It wasn’t my fault that I crashed my drone. It was the drone’s fault!
This probably wouldn’t be the case every time, but according to a new study released by the RMIT University School of Engineering and published in Aerospace, it’s more likely that technical errors with the drone itself will cause a crash, compared to human error.
The researchers looked at 150 reported incidents between around 2006 and 2016, and found that 64 percent of incidents were because of technical problems. In most cases, they found that broken communication links were to blame.
This highlights one of the key problems with commercial drone traffic: there are no safeguards in place in the case of a technical error. Large aircraft, such as ones used by Airbus or Boeing, have “triple redundant systems” in place for communications, according to researcher Dr. Graham Wild. We’re still in this weird place between wanting to experiment fully with drones in every space imaginable, but also being wary about what they can do.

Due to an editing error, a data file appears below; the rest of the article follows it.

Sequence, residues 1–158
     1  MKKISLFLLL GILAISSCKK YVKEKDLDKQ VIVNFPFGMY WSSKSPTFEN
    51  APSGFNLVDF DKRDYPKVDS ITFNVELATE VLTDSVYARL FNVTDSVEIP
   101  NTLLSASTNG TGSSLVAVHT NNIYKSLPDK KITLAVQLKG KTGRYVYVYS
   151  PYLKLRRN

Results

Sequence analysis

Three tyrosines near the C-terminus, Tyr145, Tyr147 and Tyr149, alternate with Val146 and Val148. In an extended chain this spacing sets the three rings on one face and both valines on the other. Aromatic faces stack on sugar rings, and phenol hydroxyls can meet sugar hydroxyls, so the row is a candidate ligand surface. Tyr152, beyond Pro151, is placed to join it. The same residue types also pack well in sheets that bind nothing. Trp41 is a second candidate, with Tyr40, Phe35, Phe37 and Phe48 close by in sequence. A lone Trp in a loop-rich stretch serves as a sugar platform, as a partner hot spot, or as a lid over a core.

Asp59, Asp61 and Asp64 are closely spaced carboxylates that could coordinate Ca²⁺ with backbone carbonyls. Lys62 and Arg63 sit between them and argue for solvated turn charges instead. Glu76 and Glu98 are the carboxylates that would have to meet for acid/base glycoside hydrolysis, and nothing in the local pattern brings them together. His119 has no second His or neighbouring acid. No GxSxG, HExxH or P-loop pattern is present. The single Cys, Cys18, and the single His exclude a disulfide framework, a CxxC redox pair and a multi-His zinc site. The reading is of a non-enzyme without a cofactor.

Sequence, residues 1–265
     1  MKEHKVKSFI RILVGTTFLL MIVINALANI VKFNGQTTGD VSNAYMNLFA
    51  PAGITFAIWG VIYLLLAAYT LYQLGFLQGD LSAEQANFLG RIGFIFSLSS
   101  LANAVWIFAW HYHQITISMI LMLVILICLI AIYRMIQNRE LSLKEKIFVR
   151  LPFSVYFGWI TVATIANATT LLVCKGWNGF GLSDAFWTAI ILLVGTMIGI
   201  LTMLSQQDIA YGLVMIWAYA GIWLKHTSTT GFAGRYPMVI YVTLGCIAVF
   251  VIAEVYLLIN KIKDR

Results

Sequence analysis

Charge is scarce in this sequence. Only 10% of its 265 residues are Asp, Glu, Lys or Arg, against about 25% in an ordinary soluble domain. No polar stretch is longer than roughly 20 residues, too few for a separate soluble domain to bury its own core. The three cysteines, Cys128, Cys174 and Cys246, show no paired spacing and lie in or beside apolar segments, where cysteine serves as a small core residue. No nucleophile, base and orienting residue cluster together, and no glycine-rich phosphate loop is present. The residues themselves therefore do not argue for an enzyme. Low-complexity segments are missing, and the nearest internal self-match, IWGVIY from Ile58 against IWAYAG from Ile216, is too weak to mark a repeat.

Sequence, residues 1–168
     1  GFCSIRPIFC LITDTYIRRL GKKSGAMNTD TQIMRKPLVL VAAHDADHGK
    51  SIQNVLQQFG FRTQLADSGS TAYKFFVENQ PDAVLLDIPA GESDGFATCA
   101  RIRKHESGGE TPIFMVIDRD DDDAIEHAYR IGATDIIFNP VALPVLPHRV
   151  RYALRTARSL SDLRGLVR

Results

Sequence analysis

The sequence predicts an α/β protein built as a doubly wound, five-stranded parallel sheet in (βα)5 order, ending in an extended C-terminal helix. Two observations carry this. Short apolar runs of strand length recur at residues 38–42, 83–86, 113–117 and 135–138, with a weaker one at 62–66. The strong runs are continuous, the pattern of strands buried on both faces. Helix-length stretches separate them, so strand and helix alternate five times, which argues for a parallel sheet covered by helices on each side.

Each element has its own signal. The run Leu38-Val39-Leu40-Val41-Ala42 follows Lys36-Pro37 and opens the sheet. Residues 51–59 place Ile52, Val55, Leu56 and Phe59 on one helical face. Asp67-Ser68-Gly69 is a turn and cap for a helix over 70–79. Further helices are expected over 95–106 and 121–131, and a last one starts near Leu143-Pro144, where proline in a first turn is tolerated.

That means we’re going to keep finding ways that drones can be dangerous. It just means that it’s another step toward full drone takeover.
“But drones don’t and some of the improvements that have reduced the risks in those aircraft could also be used to improve the safety of drones,” Wild added. “Understanding what happens to drones, even those that don’t cause damage to people or property, is essential to improve safety.”